Shaquem Griffin, who played linebacker at the University of Florida and was drafted by the Seattle Seahawks in the 2018 NFL draft, was born with a fibrous strand of amniotic membrane wrapped around his left wrist. Shaquem’s left hand was amputated when he was four years old.
Shaquem’s mother, Tangie Griffin, remembers dropping Shaquem and his twin brother (Shaquill) off at daycare the day after his surgery. Tangie warned Shaquem to keep his bandage clean. She told him, “No football.” But when Tangie picked her sons up later that day, Shaquem had a smile on his face and a bloody bandage.
Terry (Shaquem’s father) had both Shaquem and Shaquill practicing football drills by the age of ten. Terry treated his twin sons equally. Terry says he threw the ball just as hard to Shaquem that he did to Shaquill. Shaquem admits he did take a few balls to the face before he learned to catch.
"(My dad) didn't want me to make any excuses for why I couldn't catch the ball.”
At the age of twelve, Shaquem made the decision to become a running back. Shaquem and his dad would practice in his backyard to make sure Shaquem could hold on to the ball. "My dad was swinging my brother around in the air. He had the ball. He was holding on, and my dad was tossing him everywhere. He never let go,” says Shaquill.
In high school, Shaquem’s dad adapted workout equipment so Shaquem could workout alongside his peers. One adaptation was called “The Book” which attached to Shaquem’s left forearm and helped Shaquem stabilize his arms when doing push-ups and bench presses.
When it was time for college the twins were both offered a scholarship to the University of Central Florida (UFC) - Shaquem and Shaquill were a packaged deal. Shaquem discusses declining a scholarship from another university because he was not offered a scholarship at the same time as his twin. Shaquem had to prove his abilities.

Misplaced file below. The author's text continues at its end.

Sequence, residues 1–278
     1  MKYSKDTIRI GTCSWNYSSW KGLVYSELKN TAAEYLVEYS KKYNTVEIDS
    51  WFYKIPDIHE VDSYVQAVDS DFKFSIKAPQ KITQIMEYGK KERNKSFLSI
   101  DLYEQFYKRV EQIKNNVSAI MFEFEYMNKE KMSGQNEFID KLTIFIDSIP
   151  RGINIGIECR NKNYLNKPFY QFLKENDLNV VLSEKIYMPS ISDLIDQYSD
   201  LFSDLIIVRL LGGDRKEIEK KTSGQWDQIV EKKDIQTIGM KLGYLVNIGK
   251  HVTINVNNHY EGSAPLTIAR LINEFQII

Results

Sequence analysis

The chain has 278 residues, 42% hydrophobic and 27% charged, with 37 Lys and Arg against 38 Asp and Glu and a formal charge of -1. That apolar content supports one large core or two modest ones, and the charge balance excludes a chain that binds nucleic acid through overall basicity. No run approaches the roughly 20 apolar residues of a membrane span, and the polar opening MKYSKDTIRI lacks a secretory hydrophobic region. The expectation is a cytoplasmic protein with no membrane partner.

"You're not saying I'm not mentally capable. You're not saying I'm not fast enough. You're not saying I'm not strong enough. The only reason you're saying I can't do something is because I have one hand."
However, Shaquem’s beginning with UFC was a rocky one while he only played on special teams. His parents encouraged him to stick it out, and later that year the team came under new management. The new coach recognized Shaquem’s potential stating, "There's not a player I've coached who practices harder than he does.”
"A lot of people in our generation like to make excuses about little things that really don't hinder them from doing what they want to. It always comes down to the work ethic. God put you on the Earth for a purpose. I feel like my purpose is to get away from people making excuses," says Shaquem. He hopes he can motivate others.
"If I keep doing what I'm doing, it's going to create a better future for someone else.”
Shaquem’s story is one of perseverance! Here’s to a future of success. Good luck with the Seahawks!
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